A Painter’s Impression

In this personal appraisal of her work, Greek artist Caroline A. Nomikos, explores the enigma of her own creativity

To to talk about one’s own paintings? To tell you what you should see or feel? To curb your imagination? To narrow and shrink the scope of the paintings? No. This is not something I can do. When the paintings leave my studio, they also leave behind the private thoughts and interpretations that I have attached to them.

Following the belief that a painting’s existence requires the perceptions of a viewer, my own thoughts are irrelevant, other than satisfying an innate curiosity, the insatiable need for solid explanations; therefore it is largely through the alternating perceptions of each set of eyes that the identity and meaning of each painting is created.

What I can discuss, is the process of painting, and my consequent theories, which are in constant motion, shaping themselves into an impenetrable form which invariably auto-destructs, leaving me with shattered fragments to build upon, and which are bound to go through a similar process again. While painting, these fragments often take the shape of a symbol, a square, a circle, a spiral. Are these the subject matter of my paintings? Or simply forms to build the paint on? I cannot tell – it is a mystery to me.

When I comfortably proclaim to myself that I know exactly what I am doing, the soft voiced alarm clock pops up to remind me that I may very well be deluding myself and should instead find my security in the Big Void. From the tangible to the intangible – perhaps only then will I be reassured, and peacefully know that I do not know. Hallelujah. So I cry for help, and the brush picks up another glob of paint, destroys yet another perfectly pristine surface, and I reassure myself of my existence in the here and now. A little quirk of painting.

In order to create, something, somewhere is inevitably destroyed. The blank canvas – there it ends and begins

Life and death, side by side, one stroke and then another, sometimes tentative, at other times violent. The following day, yesterday’s work is irreversibly altered, and on and on until the perilous question of when to stop, not to push it so far as to find that it suddenly died when you weren’t looking. Death behind you and new life not yet found, past the point of unrecognised perfection, and into the abyss… The wait begins, a slight shift, a slight glimpse, then finally the slow but sure euphoric climb to the nameless place where clarity and harmony prevail.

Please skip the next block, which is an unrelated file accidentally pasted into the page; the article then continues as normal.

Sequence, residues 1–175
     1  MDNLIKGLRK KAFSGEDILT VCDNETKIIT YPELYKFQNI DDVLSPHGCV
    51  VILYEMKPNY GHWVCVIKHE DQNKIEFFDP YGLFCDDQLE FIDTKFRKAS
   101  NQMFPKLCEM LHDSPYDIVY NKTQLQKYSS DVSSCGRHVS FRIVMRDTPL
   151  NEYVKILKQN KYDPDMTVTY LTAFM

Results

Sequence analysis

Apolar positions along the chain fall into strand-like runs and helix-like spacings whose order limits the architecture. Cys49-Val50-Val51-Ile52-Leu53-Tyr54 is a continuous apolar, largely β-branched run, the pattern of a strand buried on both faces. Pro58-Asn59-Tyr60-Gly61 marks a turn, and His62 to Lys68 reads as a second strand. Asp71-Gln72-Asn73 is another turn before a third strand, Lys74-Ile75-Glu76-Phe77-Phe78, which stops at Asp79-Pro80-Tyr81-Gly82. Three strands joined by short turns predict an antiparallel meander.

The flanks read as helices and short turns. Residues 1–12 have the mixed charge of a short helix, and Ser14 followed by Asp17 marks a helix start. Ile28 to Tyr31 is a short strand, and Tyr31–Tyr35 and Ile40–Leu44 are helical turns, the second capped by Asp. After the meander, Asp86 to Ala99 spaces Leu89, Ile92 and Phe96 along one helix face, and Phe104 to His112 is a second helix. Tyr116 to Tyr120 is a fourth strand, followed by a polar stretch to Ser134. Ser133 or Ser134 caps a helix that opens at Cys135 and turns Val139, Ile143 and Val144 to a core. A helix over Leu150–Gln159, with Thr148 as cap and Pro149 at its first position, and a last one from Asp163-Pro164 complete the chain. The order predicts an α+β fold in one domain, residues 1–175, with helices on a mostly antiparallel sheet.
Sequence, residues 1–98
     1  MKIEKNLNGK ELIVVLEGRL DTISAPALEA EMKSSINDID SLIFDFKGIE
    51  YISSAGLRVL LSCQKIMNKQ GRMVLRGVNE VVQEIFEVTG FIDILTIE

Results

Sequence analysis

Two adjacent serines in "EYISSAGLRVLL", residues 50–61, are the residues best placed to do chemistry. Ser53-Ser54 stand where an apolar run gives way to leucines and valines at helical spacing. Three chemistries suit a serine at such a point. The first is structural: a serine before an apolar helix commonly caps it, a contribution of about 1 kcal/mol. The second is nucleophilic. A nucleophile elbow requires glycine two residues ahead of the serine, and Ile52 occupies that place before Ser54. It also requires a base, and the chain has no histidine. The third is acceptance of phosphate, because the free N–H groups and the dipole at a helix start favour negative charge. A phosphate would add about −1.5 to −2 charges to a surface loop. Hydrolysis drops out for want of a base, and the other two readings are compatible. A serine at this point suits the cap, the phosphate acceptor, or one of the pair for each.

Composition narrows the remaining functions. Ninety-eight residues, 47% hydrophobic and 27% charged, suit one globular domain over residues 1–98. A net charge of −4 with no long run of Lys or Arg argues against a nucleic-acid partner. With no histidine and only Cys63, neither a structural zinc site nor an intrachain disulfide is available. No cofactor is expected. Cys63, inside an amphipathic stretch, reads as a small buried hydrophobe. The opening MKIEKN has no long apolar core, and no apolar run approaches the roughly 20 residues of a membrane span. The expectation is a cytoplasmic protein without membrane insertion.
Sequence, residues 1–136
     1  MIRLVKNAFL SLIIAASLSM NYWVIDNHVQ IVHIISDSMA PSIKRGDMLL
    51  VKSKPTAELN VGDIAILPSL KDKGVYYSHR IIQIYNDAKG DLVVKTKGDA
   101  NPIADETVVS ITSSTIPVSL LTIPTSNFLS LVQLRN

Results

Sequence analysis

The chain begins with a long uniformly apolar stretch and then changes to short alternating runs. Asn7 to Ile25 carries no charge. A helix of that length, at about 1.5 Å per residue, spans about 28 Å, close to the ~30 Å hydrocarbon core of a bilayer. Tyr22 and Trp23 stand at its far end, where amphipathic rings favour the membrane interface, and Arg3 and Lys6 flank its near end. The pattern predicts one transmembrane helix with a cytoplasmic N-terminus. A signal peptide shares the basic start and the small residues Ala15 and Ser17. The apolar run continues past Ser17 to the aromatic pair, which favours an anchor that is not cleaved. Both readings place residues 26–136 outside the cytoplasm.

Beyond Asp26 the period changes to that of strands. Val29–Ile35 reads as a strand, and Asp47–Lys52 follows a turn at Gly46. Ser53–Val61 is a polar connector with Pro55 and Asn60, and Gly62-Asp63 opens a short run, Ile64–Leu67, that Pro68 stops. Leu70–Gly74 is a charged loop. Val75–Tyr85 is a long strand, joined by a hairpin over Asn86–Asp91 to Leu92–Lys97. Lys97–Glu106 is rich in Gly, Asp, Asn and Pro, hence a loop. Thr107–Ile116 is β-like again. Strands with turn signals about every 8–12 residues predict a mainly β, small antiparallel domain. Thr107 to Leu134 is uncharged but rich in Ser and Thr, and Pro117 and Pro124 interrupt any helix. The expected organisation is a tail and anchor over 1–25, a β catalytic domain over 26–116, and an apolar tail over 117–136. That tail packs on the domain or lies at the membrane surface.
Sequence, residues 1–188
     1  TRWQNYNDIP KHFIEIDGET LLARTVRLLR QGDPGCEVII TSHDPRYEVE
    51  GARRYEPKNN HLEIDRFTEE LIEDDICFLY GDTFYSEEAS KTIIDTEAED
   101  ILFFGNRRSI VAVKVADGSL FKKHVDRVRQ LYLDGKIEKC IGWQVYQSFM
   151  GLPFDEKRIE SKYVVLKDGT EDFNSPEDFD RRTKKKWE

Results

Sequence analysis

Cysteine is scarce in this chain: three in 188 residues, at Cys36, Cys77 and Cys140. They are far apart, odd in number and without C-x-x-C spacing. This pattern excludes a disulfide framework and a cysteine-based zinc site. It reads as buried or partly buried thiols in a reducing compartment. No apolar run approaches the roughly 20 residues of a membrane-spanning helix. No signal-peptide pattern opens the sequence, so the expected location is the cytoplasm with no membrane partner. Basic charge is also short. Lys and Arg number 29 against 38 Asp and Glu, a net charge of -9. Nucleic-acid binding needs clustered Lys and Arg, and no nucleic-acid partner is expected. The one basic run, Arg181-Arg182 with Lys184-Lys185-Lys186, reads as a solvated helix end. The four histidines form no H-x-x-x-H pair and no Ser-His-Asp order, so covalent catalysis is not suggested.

So, another canvas gets pulled out and it all starts again. Shapes, colours, textures, light, space, compositions, contrast, volume, rhythm, time, surface, background, foreground; just a few elements to think about while painting.

Or perhaps a good front as I somehow come to terms with the multitude of thoughts and feelings that pass through me – some outstaying their welcome, especially those little negative ones, which sometimes manage to grow to astounding proportions, disintegrating all in their way, if I allow them, of course.

Same space, different time. Same time, different space, and the cycle begins once again, except that this time it is slightly different. It doesn’t make any sense. Through the paintings I question, sometimes I attempt to explain. There is rarely an answer, just a record of what I thought and when. The few times I allowed myself the luxury of a full explanation, it felt as though all had come to a halt, a heavy dead feeling hovering above me, my ego briefly satisfied as I went through the motions required. But then, the bubble bursts –and the process begins again.

© Caroline A. Nomikos

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